Thousands Protest Proposed "Foreign Agents" Law in Tbilisi, Georgia

Thousands protest in Georgia against proposed law seen as aligning the country with Russia, threatening its EU and NATO aspirations.

Safak Costu
Updated On
New Update
Thousands Protest Proposed "Foreign Agents" Law in Tbilisi, Georgia

Thousands Protest Proposed "Foreign Agents" Law in Tbilisi, Georgia

Thousands of protesters gathered at the First Republic Square in Tbilisi, Georgia on Friday to demonstrate against the Draft Law on Transparency of Foreign Influence proposed by the ruling Georgian Dream party. The protesters argue that the law would isolate Georgia from Europe and align the country more closely with Russia, blocking its access to NATO and the European Union.

The proposed legislation would require media and non-commercial organizations receiving more than 20% of their funding from abroad to register as being under foreign influence. Critics say the law is similar to legislation used by the Kremlin in Russia to crack down on independent voices and restrict media freedom and civil society.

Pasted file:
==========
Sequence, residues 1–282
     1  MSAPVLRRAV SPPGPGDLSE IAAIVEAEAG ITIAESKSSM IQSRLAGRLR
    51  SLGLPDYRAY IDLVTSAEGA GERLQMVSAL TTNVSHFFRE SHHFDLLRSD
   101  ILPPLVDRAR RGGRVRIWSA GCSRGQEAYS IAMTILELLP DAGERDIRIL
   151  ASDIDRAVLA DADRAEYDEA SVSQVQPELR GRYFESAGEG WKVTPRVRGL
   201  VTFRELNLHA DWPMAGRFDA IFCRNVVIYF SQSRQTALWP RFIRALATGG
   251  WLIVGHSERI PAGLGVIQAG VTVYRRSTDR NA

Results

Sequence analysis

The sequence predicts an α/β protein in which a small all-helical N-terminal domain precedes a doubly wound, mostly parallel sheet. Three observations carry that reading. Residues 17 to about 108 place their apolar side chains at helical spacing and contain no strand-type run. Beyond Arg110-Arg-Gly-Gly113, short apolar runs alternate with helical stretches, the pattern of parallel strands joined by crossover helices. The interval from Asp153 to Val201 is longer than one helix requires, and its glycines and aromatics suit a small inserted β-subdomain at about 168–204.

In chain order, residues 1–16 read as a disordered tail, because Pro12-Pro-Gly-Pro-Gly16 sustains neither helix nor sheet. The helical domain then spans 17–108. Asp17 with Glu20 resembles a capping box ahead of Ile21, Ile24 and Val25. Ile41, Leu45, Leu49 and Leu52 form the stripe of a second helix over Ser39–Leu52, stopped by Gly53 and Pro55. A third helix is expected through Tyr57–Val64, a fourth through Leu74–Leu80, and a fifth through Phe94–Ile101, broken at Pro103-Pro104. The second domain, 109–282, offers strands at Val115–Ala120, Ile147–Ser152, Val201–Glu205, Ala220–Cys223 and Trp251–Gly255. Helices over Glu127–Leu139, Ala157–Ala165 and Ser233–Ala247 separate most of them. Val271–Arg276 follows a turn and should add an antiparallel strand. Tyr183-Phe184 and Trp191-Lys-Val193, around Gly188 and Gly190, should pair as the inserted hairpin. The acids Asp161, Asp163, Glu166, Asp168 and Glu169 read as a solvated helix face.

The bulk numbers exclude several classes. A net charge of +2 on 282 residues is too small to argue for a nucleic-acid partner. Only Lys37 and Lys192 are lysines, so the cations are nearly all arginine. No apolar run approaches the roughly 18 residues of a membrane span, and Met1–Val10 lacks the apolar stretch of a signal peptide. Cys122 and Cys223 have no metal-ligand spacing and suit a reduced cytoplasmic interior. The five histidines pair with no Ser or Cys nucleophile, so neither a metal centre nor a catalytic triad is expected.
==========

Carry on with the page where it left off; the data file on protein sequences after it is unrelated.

The demonstration was organized by NGOs, with politicians also in attendance. It began with the playing of the Georgian and European Union anthems. Eka Gigauri, the head of Transparency International – Georgia, stated, "There are no more doubts about the government's intention to move the country towards Russia and away from Western institutions."

Georgian President Salome Zurabishvili has said she will veto the bill if it is approved by parliament. However, the ruling Georgian Dream party has enough votes to override her veto. The U.S. Senate has warned that the law could lead to a change in U.S. policy toward Georgia, and EU officials have said it would disrupt Georgia's EU membership hopes.

Why this matters: The protests in Tbilisi highlight the ongoing tensions and debates in Georgia surrounding the role of foreign influence and the balance between national interests and democratic principles. The outcome of this controversy could have significant implications for Georgia's future alignment and relationships with Russia, the EU, and the West.

Georgia's bid for EU and NATO membership is enshrined in its constitution and supported by over 80% of the population. The EU has granted Georgia candidate status but said it must reform its judicial and electoral systems, reduce political polarization, and improve press freedom before membership talks can begin. The demonstrators plan to march to the Georgian parliament to voice their opposition to the proposed "foreign agents" law.

Key Takeaways

  • Thousands protest in Tbilisi against proposed "foreign agents" law in Georgia.
  • Law would require media, NGOs with >20% foreign funding to register as foreign-influenced.
  • Protesters fear law aligns Georgia with Russia, blocks EU and NATO integration.
  • Georgian president vows to veto law, but ruling party can override veto.
  • Outcome could impact Georgia's future alignment with Russia, EU, and West.